We are firmly of the view that Lodge Hill is not the right place to build up to 5,000 houses.
Preliminary results from the British Trust for Ornithology's 2012 National Nightingale Survey indicate the Lodge Hill area supports 84 singing male nightingales, with the majority on the proposed development site (this is around 1.3 per cent of the UK population). Visit our nightingale page to hear this wonderful songbird in full voice and imagine what 84 would sound like!
This number of nightingales means it is likely to be one of the most important places for nightingales in Kent and possibly the country. It should be safeguarded for the nation. As well as direct loss of habitat, the proposed development would mean increased recreational disturbance and cat predation within any remaining habitat, jeopardising any birds that remain. Nightingales nest low down in scrub and on the ground – making them exceptionally vulnerable to predation and disturbance.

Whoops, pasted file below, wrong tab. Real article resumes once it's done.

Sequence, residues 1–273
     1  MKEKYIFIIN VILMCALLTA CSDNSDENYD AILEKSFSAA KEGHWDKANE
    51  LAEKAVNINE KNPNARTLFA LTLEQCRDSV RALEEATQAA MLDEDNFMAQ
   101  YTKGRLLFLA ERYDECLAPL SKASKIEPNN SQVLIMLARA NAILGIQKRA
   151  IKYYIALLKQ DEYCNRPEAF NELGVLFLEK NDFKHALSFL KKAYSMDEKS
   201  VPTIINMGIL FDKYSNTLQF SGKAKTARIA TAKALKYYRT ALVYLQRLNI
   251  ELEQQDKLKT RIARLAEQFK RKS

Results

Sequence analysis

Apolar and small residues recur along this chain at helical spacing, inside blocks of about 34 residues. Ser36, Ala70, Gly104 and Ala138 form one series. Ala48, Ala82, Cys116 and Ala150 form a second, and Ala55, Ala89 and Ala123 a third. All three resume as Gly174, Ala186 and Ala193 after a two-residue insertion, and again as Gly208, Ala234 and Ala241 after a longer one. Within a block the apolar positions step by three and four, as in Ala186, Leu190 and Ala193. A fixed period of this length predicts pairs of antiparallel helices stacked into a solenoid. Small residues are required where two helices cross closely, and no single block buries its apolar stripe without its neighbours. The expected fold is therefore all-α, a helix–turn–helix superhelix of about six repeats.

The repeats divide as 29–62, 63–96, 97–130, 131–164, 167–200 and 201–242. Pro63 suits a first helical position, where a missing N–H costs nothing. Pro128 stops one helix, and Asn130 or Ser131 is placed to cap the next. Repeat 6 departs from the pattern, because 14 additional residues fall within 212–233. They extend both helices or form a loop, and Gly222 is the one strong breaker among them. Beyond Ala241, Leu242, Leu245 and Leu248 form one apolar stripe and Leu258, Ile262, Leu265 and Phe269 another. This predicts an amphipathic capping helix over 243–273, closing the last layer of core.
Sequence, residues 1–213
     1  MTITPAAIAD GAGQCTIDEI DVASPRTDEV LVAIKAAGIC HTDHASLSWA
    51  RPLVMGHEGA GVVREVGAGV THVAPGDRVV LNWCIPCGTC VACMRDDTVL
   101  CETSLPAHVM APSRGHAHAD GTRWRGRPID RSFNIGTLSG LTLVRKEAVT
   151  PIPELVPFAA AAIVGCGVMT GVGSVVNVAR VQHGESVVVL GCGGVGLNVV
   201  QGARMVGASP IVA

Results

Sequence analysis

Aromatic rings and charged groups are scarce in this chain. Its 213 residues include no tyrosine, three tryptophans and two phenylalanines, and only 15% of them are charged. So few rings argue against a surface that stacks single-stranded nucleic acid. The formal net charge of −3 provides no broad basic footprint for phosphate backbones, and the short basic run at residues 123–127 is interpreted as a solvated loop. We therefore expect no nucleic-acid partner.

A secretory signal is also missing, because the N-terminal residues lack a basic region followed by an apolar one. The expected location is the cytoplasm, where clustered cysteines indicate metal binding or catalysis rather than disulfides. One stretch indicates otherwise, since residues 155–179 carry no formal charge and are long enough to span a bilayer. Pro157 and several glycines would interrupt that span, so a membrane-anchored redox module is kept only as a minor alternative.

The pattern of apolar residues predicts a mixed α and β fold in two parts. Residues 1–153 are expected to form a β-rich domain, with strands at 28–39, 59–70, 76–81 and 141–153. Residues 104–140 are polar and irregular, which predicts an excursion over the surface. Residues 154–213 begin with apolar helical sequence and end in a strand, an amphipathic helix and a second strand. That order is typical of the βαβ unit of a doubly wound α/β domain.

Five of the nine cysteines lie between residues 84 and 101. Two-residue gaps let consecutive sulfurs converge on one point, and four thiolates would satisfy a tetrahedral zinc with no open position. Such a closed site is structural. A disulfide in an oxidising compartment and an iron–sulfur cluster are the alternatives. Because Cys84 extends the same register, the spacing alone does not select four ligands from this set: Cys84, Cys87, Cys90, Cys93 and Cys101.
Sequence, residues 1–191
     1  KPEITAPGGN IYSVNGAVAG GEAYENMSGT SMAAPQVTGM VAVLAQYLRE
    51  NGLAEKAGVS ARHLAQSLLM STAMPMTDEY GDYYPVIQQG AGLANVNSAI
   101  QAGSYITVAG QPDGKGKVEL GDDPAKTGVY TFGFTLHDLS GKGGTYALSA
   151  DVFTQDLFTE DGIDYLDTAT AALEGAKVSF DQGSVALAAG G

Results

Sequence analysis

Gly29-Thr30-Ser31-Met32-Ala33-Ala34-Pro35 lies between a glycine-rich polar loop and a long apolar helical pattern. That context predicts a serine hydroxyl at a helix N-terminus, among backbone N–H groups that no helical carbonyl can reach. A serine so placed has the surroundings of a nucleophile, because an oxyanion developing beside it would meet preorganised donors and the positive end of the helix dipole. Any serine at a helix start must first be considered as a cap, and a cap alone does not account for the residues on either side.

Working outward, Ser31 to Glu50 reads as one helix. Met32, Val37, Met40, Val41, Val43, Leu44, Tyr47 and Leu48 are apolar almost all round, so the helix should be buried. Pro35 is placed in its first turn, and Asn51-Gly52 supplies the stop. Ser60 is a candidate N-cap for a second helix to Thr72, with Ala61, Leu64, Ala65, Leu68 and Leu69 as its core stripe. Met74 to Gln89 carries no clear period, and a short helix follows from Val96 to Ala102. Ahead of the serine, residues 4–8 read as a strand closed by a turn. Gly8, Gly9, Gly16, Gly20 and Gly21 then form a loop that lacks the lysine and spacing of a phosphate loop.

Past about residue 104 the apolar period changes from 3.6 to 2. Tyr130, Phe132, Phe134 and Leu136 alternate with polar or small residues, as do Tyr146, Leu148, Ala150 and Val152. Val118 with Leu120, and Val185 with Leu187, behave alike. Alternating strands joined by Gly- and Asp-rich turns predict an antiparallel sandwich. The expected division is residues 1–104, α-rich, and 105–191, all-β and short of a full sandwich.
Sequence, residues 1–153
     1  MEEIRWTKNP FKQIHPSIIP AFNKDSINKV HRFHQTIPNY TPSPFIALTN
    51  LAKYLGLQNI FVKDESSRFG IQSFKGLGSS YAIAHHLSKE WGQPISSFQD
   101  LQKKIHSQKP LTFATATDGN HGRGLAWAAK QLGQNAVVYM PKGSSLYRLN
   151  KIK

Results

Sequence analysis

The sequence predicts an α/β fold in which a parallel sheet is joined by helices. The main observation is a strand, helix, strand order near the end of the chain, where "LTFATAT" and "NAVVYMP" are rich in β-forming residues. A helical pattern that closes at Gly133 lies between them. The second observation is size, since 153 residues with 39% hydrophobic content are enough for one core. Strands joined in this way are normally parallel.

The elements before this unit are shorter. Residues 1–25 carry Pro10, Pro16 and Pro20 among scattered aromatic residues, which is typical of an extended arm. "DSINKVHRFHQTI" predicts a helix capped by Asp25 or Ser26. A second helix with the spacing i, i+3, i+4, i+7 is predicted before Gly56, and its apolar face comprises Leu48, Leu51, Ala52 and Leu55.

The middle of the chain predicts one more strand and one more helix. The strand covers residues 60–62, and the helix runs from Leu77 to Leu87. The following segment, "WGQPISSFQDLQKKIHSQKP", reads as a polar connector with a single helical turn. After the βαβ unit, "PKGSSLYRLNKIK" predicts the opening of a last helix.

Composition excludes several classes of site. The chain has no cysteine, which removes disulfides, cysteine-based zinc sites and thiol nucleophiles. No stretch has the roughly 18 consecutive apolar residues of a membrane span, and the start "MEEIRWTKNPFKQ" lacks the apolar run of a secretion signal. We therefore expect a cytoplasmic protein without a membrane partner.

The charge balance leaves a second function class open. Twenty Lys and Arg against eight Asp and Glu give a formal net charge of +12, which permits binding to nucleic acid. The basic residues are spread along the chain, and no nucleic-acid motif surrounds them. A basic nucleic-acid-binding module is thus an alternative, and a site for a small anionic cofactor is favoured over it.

We have objected to an outline planning application for the development, and called for the Lodge Hill Strategic Allocation of up to 5,000 houses to be removed from the Medway Core Strategy.
There is a great deal of uncertainty surrounding the how successful compensatory habitat can be for nightingales and in this case we think there are far too many caveats. In essence, we believe that the risks to the nightingale population - if the development were to proceed - are simply too high.
We recognise the need for Medway to identify land for - and build - new houses in the District, but we firmly believe that more environmentally sustainable locations should be found.
We believe that the national importance of the nightingale population on the Hoo Peninsula presents a fantastic opportunity to promote the understanding, conservation and enjoyment of an iconic bird, and the very special qualities of the area. We look forward to working with Medway Council and other partners to achieve this.